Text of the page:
The Case for the Arts in Afterschool
“We don’t have time to offer arts activities.” We’ve all heard this statement, and some of us may have even said it ourselves. Just as a work of art may bring a new perspective, the same is true for finding time for art. Instead of seeing art as something that takes time away from academic enrichment, try using the arts to reinforce it. You will likely find students to be enthusiastic participants in music, theater, and visual arts projects related to core content areas like math and science, and you will also be using research-based strategies that can help them learn.
Integrating the Arts With Other Subjects is one of the promising practices in the arts section of the Afterschool Training Toolkit, a free online staff development resource developed by the National Partnership for Quality Afterschool Learning. This practice supports learning through creative, hands-on arts activities that build on content from other subject areas. For example, students studying the solar system might extend learning by creating a planetary travel brochure. “If a student is struggling with science, he or she might be more receptive if an instructor presents science in the context of an art activity,” says Suzanne Stiegelbauer, who led the development of the arts toolkit. “Once you have sparked students’ interest with art, you will increase their desire to learn any subject.”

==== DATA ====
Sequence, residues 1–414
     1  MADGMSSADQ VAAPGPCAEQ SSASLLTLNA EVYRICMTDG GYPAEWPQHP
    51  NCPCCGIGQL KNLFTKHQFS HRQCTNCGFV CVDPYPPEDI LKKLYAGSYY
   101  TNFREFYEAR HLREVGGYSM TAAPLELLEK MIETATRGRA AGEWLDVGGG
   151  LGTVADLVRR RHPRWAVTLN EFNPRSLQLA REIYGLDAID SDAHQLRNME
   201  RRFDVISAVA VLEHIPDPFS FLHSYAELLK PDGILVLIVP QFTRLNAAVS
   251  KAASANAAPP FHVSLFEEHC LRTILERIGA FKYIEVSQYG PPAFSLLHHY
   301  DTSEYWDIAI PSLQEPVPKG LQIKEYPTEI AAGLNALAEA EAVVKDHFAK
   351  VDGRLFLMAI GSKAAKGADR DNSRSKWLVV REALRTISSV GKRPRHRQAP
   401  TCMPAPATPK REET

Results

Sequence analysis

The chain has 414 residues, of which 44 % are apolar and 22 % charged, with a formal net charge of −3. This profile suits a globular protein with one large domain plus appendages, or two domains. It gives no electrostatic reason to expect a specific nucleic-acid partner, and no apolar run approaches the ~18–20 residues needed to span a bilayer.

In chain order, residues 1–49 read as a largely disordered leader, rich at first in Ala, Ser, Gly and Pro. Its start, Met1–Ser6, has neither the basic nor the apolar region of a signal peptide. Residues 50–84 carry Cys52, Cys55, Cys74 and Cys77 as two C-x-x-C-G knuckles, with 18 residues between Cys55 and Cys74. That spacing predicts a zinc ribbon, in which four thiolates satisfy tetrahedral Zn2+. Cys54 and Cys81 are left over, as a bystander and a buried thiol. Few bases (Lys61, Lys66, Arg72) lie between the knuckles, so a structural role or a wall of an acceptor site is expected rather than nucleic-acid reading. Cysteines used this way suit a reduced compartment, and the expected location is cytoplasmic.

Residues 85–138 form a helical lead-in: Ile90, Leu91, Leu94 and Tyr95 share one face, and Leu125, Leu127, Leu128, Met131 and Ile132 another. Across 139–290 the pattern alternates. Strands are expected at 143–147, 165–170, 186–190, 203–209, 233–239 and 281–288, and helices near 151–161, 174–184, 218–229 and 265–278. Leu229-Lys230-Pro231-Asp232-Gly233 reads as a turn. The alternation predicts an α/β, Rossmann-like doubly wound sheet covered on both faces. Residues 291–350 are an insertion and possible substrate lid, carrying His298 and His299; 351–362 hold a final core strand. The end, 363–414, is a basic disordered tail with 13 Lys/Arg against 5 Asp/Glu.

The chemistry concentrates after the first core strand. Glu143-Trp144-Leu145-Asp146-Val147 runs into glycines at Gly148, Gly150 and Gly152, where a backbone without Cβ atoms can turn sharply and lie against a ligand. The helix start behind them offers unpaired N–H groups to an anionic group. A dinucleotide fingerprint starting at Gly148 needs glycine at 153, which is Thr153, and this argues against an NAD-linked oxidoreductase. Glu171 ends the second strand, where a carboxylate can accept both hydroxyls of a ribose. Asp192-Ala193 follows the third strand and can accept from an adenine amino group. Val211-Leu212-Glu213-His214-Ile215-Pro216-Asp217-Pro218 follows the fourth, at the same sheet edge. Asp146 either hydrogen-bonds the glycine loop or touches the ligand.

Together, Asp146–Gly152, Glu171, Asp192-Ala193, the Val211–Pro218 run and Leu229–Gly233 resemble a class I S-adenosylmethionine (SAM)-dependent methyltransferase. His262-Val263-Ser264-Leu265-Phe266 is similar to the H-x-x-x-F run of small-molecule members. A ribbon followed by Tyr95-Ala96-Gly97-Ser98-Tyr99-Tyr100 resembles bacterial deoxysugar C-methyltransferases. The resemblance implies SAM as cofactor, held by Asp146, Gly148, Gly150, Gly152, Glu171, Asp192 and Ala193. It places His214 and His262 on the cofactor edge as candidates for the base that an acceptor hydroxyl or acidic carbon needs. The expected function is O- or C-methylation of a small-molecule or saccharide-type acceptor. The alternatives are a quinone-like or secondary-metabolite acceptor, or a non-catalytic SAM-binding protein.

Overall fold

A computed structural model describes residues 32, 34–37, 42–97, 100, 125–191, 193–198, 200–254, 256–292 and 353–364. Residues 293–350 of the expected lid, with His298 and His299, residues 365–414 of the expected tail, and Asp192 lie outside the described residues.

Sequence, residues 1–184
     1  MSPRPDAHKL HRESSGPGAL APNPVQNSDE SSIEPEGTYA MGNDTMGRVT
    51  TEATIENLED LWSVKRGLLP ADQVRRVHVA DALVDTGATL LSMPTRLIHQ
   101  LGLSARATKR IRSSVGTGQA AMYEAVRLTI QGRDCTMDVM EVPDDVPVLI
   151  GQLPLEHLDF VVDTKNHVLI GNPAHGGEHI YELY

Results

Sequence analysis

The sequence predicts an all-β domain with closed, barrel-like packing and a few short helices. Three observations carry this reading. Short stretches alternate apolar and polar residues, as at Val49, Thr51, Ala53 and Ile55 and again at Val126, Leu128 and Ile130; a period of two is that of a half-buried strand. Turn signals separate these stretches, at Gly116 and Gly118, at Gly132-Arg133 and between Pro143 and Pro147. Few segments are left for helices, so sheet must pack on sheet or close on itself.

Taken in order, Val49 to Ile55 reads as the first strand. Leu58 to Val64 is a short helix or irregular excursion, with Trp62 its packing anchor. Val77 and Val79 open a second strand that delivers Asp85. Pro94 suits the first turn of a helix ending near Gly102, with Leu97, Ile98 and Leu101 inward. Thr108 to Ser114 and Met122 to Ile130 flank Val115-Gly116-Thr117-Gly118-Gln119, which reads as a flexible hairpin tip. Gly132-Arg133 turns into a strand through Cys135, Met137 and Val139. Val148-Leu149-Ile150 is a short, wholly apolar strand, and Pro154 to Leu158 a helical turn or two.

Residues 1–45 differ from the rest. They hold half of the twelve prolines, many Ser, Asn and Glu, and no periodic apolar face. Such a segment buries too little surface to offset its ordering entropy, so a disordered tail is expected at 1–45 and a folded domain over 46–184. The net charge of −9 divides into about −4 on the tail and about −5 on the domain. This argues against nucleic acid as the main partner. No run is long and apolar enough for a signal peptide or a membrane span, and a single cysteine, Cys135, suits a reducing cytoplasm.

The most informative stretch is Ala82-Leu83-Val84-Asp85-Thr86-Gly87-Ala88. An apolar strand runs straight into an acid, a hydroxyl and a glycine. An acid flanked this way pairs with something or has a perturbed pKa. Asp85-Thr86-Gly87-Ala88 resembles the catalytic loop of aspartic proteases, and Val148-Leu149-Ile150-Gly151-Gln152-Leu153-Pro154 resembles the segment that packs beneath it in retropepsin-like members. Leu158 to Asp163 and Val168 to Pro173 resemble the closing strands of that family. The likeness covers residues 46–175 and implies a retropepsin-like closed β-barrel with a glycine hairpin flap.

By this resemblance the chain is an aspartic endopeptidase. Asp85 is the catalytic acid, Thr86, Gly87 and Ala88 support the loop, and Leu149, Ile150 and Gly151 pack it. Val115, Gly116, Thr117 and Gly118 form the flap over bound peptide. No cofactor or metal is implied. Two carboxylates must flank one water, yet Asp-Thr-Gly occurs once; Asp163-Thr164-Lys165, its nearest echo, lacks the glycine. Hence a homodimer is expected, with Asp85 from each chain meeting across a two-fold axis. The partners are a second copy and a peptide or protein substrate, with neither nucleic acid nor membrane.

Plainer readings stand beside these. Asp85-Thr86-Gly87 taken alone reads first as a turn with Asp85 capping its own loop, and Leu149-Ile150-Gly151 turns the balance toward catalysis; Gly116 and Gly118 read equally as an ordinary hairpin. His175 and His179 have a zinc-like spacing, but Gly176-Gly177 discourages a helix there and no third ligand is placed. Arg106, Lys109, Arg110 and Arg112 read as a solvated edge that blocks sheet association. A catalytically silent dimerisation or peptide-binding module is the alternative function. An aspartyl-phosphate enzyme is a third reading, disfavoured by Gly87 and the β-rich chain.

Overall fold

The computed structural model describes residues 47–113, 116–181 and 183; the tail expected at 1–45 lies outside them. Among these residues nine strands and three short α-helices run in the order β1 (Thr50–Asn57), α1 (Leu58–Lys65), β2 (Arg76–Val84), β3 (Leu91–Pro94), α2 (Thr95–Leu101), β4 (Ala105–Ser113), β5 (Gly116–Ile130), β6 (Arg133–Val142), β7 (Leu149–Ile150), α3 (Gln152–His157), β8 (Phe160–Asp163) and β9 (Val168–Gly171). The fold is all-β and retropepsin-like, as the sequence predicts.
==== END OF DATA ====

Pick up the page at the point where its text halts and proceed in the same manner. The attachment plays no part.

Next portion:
Project-based learning (where students learn by tackling real-world problems and projects) and thematic learning (where activities are organized around themes) are two types of instruction that lend themselves to the incorporation of arts activities. To get started, talk to students’ day-school teachers to learn what themes students are studying during the regular school day. If a social studies class is studying the Middle Ages, students can spend their afterschool hours building replicas of medieval castles or listening to the music of troubadours. If you are interested in integrating the arts into afterschool activities, visit Integrating the Arts With Other Subjects in the arts toolkit and click on the “Sample Lessons” tab.
“Once you have sparked students’ interest with art, you will increase their desire to learn any subject.”